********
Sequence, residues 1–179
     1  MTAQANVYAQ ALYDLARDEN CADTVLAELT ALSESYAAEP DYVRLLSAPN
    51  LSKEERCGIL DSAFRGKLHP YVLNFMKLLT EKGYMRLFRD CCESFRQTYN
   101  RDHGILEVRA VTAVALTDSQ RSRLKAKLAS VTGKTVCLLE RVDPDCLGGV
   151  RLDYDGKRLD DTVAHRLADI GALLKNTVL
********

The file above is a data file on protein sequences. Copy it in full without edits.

Sequence, residues 1–179
     1  MTAQANVYAQ ALYDLARDEN CADTVLAELT ALSESYAAEP DYVRLLSAPN
    51  LSKEERCGIL DSAFRGKLHP YVLNFMKLLT EKGYMRLFRD CCESFRQTYN
   101  RDHGILEVRA VTAVALTDSQ RSRLKAKLAS VTGKTVCLLE RVDPDCLGGV
   151  RLDYDGKRLD DTVAHRLADI GALLKNTVL